Adequacy of manual endoscopic inspection of the upper and lower gastrointestinal mucosa is operator-dependent: it is common knowledge that the likelihood of finding lesions and the degree of cancer prevention of manual endoscopic procedures is dependent on the skillset and effort by endoscopists. Recent developments in artificial intelligence allow measurement of skillset and effort during actual endoscopic procedures. Many endoscopic features, representing skillset and effort, such as clarity of image, absence of stool, looking sideways, performing retroflexion and obtaining all possible mucosal views, can be classified or counted, and the results presented in real-time to endoscopists and stored at the end of the procedure as an automated, objective report with representative images documenting adequacy of inspection. Real-time feedback provides endoscopists the option, when measurements suggest inadequate or incomplete inspection, to change technique or repeat and expand inspection. However, responding to real-time feedback and obtaining best possible measurements or all possible mucosal views do not equate to careful inspection; endoscopists may be focused on obtaining best measurements instead of inspecting the mucosa. Therefore, prospective studies with long-term follow-up will be required to determine whether artificial intelligence driven real-time feedback will lead not only to better intra-procedural measurements but also to improved patient outcome, for example, a decrease in gastrointestinal cancer incidence and mortality.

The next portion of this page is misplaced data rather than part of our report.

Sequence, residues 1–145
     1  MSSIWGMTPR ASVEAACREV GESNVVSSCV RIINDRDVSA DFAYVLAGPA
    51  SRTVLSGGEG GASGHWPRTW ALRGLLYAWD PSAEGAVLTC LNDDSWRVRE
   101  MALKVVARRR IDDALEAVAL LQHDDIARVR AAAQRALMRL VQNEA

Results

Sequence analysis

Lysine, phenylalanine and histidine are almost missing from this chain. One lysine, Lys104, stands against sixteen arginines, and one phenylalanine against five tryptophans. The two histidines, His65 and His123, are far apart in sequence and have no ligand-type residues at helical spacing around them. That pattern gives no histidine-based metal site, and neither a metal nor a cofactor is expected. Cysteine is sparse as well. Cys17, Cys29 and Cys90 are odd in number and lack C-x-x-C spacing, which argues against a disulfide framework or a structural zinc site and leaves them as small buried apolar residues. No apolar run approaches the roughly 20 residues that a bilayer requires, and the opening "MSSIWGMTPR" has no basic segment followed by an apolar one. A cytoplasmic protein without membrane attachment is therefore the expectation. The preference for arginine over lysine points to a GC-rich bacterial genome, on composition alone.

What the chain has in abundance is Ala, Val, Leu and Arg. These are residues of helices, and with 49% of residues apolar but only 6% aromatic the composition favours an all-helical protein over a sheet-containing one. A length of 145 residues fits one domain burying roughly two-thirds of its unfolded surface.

The goal of any gastrointestinal endoscopy is to completely inspect all of the lining and contents – if present – of the target organs, to describe the condition of the mucosa as variants of normal or abnormal, to detect any mucosal, submucosal or external lesions effecting function or shape of the target organs and to perform diagnostic or therapeutic procedures. In the begin most endoscopy was simple and focused on inspection and diagnostic sampling; however, lately very complex endoscopy is being performed where the focus has moved to combining diagnostic and definitive, therapeutic procedures into – when possible – a single endoscopy . Examples of more advanced, complex endoscopy include endoscopic ultrasound, endoscopic submucosal dissection, endoscopic stenting, rendezvous procedures, transmural procedures between organs or the skin, and endoscopic suturing.
The reality of endoscopy is that the vast majority of endoscopies are screening or diagnostic esophagogastroduodenoscopies (EGDs) and colonoscopies. These are done by endoscopists: human beings with more or less training in endoscopy, more or less experience, and more or lesser endoscopic skillsets. Unlike machines such as CT or MR scanners, human beings make errors . Indeed, endoscopy is an operator-dependent procedure where the likelihood of detecting lesions and the success of any form of interventional procedure such as Barrett’s mucosa ablation, treatment of esophageal varices or completeness of colon polyp resection depend on the skillset and effort of the endoscopist. Thus the reality of endoscopy is that lesions are being missed or not completely removed during EGD as well as colonoscopy; numerous articles have described this during the past decades . Therefore, there is a proven need for technology that can document what was done and can prevent lesions from being missed or incompletely removed during endoscopy.